We’ve been asked where we get our blog ideas. Most of the time we’re just exploring seasonal garden topics and working to give our readers useful information, but occasionally there’s an interesting story behind a blog topic—this is one of those! Last week we published a blog about what to plant in the fall garden, and we mentioned Chinese lantern as a possibility. Well, we made a mistake and we’d like to correct it now. We identified Chinese lantern as Physalis alkekengi. As it turns out, P. alkekengi is more properly referred to as Alkekengi officinarum, so we’ll make that correction in the original blog. This led to another discussion here at Gardzen: some of us thought that Chinese lantern was an edible and tasty plant, unlike what we had read about Alkekengi officinarum. Well, as it turns out we were talking about two different plants. The edible plant sometimes referred to a Chinese lantern is the closely related Physalis peruviana and Physalis pruinosa, better known to some of us as “ground cherry.” A. officinarum and ground cherry are both edible when the fruit are fully ripe, but leaves, stems and unripe fruit can be toxic to both people and pets.
Once we figured out all that confusion—we might actually still be a little confused—we decided to write a blog about ground cherry (P. peruviana and P. pruinosa) which is a tasty and useful garden plant. So, thanks for bearing with us, please forgive the mixup, and let’s dig in!
What is Ground Cherry?
Gound cherry is a member of the nightshade family, and it grows in a manner similar to its cousin the tomatillo. After the flower is pollinated, a papery husk forms and the fruit grows inside of that. It’s a really interesting mechanism and fun to observe—if you’re very gentle you can squeeze the husk a bit and feel how bit the fruit has gotten inside. Once again, the stems, leaves, and unripe fruits of this plant can be toxic to both people and animals. Before anyone panics, many garden plants have similar issues—all non-fruit parts of the tomato can be toxic, as are all parts of the potato plant but the tubers. Don’t let his put you off growing ground cherry, but just be mindful about where you position the plant in your garden and who might have access to it.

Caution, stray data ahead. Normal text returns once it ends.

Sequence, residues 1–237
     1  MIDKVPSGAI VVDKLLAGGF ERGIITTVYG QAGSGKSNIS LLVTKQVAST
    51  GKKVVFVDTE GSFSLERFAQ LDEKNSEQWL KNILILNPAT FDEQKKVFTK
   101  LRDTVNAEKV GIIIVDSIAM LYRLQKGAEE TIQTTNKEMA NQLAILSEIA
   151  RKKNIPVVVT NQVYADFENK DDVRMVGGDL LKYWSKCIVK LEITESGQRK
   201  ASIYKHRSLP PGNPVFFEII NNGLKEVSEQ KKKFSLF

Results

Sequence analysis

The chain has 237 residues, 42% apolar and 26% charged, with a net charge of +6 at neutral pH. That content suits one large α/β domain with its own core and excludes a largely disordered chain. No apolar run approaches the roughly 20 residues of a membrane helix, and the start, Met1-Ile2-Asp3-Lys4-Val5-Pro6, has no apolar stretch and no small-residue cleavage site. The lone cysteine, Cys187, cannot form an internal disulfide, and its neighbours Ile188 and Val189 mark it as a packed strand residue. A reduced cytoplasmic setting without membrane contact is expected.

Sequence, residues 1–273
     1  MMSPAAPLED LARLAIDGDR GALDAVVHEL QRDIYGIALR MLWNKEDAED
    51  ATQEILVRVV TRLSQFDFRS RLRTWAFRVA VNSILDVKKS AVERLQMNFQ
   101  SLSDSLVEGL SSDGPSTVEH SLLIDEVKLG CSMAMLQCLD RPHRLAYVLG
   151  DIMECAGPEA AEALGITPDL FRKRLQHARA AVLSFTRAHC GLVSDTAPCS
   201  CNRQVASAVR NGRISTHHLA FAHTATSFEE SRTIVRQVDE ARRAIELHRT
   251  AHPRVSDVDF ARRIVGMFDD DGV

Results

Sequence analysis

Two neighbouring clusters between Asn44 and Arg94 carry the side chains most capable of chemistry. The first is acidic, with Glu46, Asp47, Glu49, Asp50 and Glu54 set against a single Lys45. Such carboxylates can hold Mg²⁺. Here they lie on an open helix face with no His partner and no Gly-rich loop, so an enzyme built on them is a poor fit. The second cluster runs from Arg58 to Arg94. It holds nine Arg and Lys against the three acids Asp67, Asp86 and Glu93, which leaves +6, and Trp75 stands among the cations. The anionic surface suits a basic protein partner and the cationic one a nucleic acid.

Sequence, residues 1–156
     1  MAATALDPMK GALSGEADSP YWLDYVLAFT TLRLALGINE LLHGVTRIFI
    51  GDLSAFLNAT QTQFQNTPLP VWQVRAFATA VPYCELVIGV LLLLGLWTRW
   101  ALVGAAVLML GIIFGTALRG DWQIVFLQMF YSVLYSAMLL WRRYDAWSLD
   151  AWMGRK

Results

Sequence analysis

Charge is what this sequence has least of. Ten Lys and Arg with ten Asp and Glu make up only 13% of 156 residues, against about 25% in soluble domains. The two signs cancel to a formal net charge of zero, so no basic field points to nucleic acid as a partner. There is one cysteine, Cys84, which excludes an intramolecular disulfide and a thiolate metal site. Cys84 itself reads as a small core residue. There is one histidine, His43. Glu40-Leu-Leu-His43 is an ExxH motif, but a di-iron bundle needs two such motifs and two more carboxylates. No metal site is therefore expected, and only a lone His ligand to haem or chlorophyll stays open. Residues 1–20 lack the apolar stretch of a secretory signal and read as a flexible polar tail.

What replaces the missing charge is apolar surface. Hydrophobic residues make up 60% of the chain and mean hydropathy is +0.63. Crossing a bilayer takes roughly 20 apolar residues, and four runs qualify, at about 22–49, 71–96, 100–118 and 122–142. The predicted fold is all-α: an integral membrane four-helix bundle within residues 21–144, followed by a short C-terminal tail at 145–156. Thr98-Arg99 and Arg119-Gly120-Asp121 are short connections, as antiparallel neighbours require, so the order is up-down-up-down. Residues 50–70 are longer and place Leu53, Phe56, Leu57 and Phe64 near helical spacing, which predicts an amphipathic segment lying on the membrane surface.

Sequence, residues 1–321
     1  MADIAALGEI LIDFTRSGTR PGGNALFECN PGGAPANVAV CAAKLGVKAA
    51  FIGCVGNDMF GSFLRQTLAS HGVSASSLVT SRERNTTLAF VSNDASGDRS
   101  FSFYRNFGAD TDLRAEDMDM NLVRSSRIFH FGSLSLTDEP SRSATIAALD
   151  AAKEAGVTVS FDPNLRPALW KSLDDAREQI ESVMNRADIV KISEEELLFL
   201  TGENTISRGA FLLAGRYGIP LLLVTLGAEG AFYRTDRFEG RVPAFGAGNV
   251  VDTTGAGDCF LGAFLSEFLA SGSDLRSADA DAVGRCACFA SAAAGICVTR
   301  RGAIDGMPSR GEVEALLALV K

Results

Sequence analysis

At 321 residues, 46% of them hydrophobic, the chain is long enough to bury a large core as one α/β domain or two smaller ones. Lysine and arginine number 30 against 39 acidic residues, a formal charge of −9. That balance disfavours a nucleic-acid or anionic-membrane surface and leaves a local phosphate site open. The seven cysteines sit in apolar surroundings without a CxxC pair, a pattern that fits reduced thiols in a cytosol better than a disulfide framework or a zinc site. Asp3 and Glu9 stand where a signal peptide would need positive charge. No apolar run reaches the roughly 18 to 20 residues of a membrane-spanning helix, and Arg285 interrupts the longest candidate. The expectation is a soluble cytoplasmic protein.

The ripe fruits have an interesting flavor; they’re tart like cherry tomatos but with an almost tropical fruit character—it’s like a blend of mango and pineapple as well. This makes is useful as an ingredient in both sweet and savory dishes. You can add it to a salsa or make jams and preserves with the same fruit!
Growing Ground Cherry
Since it’s a relative of tomatillo and (more distantly) tomatoes, many of you will already be familiar with the methods for growing ground cherry. Like those popular garden plants, ground cherry should be started indoors six to eight weeks before the last frost date in the spring. Seeds should be planted in seed trays filled with a good starting mix, about a ¼ inch/6-7mm deep and roughly 12 inches/30cm apart. They like to be kept warm, with moist but not soaked soil and plenty of light. Transplant them outside about the same time you would tomatoes or tomatillos.
Ground cherry likes full sun, so find a spot in your garden space that gets good light. They prefer a rich, well drained soil, and require about one inch/2.5cm of water a week under temperate conditiosn, but may need more when the weather gets hot. Ground cherries put out deep roots, so they are relatively resistant to heat and drought but good watering helps ensures plentiful blooms and a good harvest. A good layre of mulch can help keep the soil healthy and conserve water, so don’t forget that step!
For the patio and container gardeners out there: ground cherry do well in containers, but like tomatoes they need a rather large one—5 gallons/20liters is a good size per plant. They can make a very nice addition to a container garden, as they’re visually striking plants in addition to being tasty!
When to Harvest Ground Cherry
So, if the unripe fruit aren’t edible, how do you know when the fruit are ripe. Fortunately, there’s a clue in the name—ground cherry fruits fall to the ground when they’re ready for harvest. When the husk are fully dried out and the fruit has fallen to the ground, the ground cherry is ready to eat. You can enjoy them fresh, turn them into salsas, jams, jellies, or other preserves, or keep them in a cool dry place for a few weeks. The fresh fruit last a good long time if the outer husk remain intact.
So, after all that confusion, we’ve learned a lot more about both ground cherry and Alkekengi officinarum, and we hope you have too! Both of these plants are beautiful and potentially useful, we just have to understand what they are and work with them to use them appropriately in our gardens. If you have any stories, tips, or other feedback about these garden plants, please reach out! Gardzen is all about community and we love to hear from you!